Miaoyi Wang's apartment is rigged for high level game development. Many monitors and multiple PC’s occupies her living room, and in the further end of the room I spot a glass cabinet with an impressive collection of console games. This is the home of a hard worker, and a real video game enthusiast.
Since quitting her job at China's second biggest game company, NetEase Games, she has been working ten hours a day with her passion project, Will: A Wonderful World. The first year she was soloing the project by both programing and writing the plot on which the game is based. Later some old classmates from her time as a software student joined up to participate in the development. That is how 4D Door was born.
“They saw great potential in the project”, Wang explains. “They thought the game would generate a lot of money.” This was not the motivating factor for herself however, and this difference in attitude was also what lead to the disbandment of 4D Door.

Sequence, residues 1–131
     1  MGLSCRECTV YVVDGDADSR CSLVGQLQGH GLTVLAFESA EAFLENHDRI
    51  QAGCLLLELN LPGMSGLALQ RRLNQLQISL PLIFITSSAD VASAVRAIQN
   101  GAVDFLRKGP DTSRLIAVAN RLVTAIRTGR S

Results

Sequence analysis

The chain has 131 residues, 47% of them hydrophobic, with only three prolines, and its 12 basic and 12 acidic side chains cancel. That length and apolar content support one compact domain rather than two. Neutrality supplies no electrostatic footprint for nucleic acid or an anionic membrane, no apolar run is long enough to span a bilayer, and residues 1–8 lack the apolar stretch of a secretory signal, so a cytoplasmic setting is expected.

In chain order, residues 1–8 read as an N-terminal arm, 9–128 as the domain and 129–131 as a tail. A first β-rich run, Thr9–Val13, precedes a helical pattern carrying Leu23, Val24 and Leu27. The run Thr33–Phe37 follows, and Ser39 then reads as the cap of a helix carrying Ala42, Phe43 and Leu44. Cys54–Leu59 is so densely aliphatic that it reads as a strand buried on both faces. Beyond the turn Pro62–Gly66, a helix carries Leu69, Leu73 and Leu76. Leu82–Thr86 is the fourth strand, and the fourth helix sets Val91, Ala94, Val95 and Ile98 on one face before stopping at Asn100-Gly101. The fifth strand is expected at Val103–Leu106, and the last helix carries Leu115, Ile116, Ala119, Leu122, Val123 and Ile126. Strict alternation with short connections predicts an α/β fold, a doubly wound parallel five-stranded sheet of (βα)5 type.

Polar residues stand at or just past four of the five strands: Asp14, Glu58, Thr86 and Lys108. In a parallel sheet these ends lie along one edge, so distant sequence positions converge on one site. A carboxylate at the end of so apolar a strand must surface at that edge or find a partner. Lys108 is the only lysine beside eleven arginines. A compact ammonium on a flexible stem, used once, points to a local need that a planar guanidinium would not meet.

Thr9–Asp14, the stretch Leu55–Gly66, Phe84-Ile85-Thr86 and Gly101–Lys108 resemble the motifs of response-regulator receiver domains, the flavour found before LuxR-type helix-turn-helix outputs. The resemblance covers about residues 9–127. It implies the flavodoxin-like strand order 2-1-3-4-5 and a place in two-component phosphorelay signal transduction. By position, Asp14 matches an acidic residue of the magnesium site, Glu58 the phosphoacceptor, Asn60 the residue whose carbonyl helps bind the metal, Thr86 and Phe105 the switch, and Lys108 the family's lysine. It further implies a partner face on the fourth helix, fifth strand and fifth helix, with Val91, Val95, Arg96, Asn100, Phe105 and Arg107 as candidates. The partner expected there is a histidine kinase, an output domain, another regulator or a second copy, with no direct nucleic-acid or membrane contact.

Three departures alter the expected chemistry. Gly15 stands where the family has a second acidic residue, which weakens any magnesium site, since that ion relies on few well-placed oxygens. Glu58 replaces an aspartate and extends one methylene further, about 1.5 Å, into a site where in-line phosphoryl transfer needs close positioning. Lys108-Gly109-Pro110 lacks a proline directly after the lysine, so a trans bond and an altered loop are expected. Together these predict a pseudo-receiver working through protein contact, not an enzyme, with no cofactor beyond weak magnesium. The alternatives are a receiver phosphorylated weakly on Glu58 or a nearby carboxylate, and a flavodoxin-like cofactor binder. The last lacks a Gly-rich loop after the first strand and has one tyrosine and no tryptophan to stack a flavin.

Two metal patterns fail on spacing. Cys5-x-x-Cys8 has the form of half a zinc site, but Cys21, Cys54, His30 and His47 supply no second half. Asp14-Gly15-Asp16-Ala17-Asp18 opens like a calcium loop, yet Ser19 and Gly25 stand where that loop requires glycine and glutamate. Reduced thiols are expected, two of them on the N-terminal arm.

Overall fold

Other contributions to the project, such as the graphics, was outsourced:
“It is easy to find talented 2D artists in China, and cheap to hire students in particular.” This is of course a great access for a struggling, zero-budget developer like Wang. Without a publisher to pour money into the project and handle marketing, she has been relying on word-of-mouth to reach out, or as she put it herself, she “let the game spread naturally”. It strikes me that this attitude requires great confidence in her product and its potential to attract dedicated fans - an attitude that was proven justified considering the attention that has been given.
It is not like publishers hasn’t had an interest in her game. She has already been approached by Tencent, the biggest game company in the world, but has declined the offer.
“Working with publishers is risky”, she explains. “They might have a lot of opinion about the content.” Wang was understandably reluctant to compromise the vision of her game. The first publishers she has let in to the process are the ones helping her to localize in other countries, like Japan and USA. While the primary translation has been made by friends, the publishers are helping to refine the text.